Three new cranes for Ports of Auckland

Wednesday, September 27, 2017

Ports of Auckland has placed an order for three new container cranes, to be delivered in late 2018. The cranes will be used on Ports of Auckland’s new deep-water container berth at the north end of Fergusson container terminal.

“Container volumes continue to show healthy growth, in line with the economic and population growth of Auckland,” says deputy chief executive Wayne Thompson. “For that reason we are investing in our people and infrastructure to ensure we can continue to meet the growing needs of Auckland and the Upper North Island. The new cranes are part of our strategy to grow our container throughput while respecting Aucklanders’ desire to protect the Waitemata Harbour. It is a sustainable solution.”

Thompson says the new cranes will be able to carry up to four containers at once, so loading and unloading of ships will be faster.

“The new berth they will be installed on is our deepest, so this will become our premium berth able to handle the biggest ships with higher productivity.”

The investment Ports of Auckland is making in new equipment and automation at the terminal will significantly increase the port’s capacity. Projects underway or planned will increase capacity from 900,000 TEUs a year currently to about 1.6 –1.7 million TEUs, enough to cater for the needs of an Auckland population of more than 2.5 million. Thompson says with further investment they estimate that on their existing land area they can handle up to 3 million TEUs, catering for an Auckland population of 5 million people.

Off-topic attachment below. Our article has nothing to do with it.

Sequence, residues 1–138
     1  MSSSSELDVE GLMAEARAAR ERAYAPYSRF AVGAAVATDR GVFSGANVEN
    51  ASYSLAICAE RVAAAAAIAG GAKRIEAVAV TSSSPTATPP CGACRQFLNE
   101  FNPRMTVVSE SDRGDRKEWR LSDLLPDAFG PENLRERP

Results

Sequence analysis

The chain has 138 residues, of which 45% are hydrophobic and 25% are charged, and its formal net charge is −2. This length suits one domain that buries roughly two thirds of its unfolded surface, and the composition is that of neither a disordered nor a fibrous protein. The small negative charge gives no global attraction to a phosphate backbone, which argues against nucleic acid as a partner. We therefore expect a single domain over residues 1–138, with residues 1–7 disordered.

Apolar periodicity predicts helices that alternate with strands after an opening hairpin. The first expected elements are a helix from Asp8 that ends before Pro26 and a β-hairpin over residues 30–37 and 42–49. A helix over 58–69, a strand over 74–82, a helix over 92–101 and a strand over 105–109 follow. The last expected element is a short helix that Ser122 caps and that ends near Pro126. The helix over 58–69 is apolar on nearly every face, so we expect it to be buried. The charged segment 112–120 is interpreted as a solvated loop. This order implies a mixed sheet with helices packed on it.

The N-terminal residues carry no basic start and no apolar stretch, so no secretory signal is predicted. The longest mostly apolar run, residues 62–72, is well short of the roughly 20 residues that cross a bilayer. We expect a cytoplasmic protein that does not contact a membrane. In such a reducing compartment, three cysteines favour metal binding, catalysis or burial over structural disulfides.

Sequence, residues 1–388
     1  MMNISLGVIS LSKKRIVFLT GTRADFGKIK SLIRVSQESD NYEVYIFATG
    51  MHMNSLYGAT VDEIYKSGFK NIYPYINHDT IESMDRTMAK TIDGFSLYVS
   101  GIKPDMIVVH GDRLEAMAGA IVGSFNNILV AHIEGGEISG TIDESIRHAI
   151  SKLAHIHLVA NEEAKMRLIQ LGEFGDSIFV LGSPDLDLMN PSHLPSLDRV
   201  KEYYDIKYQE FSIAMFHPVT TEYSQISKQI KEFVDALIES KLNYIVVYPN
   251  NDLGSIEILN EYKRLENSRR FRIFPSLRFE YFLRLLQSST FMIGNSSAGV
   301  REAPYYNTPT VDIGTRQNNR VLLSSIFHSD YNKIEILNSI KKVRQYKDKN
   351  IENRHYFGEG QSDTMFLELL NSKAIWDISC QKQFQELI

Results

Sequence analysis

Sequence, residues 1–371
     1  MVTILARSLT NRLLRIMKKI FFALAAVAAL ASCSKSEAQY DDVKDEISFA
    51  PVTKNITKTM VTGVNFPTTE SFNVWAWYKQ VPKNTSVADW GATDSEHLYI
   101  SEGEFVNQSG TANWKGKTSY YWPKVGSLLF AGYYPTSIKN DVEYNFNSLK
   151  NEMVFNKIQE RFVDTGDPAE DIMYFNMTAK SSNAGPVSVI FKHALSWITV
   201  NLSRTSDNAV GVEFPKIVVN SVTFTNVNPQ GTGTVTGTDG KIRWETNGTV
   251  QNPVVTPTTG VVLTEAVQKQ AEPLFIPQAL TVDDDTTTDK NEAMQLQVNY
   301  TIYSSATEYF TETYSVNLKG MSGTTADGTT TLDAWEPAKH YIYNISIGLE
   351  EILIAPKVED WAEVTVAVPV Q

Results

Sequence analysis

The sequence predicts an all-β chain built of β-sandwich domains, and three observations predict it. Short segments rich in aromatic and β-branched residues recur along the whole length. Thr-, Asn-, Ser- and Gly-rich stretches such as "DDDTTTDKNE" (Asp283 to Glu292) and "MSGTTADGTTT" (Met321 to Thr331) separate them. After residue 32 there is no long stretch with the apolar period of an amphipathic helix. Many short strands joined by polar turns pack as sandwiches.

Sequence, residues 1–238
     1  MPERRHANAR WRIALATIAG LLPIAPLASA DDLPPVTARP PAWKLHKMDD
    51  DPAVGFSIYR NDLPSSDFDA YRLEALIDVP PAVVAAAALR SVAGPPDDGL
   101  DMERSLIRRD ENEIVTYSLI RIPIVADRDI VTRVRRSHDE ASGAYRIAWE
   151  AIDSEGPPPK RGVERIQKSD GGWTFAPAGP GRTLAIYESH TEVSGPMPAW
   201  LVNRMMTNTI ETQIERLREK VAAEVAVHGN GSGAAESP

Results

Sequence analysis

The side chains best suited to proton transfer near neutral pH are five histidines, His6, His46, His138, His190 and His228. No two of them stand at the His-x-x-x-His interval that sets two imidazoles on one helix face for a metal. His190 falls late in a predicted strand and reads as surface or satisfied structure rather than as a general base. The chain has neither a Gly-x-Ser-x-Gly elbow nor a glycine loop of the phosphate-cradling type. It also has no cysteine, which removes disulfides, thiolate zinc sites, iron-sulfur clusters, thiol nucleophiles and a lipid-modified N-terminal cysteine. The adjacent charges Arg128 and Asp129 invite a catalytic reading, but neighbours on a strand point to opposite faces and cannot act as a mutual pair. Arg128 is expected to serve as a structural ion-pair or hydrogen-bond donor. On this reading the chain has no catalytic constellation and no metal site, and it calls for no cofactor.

“Safety has been an important consideration in the design of these new cranes. In a New Zealand first, they will come fitted with ‘lashing platforms’ so that our people no longer have to work on the ground next to heavy machinery, reducing risk. Lashing platforms will also be retrofitted to our existing cranes, and we will also improve driver ergonomics by using a better seat design.”

The cranes come fitted with a number of features to reduce energy consumption, as well as a 26kW solar power system to offset mains power consumption.

Once the new cranes arrive next year, Thompson says the old container cranes on Bledisloe wharf will no longer be needed, and will be removed.

“With the efficiency gains we have made over the past six years, we no longer need a second container terminal.”

The cranes will be built in Shanghai by equipment manufacturing company, Shanghai Zhenhua Heavy Industry Co. (ZPMC).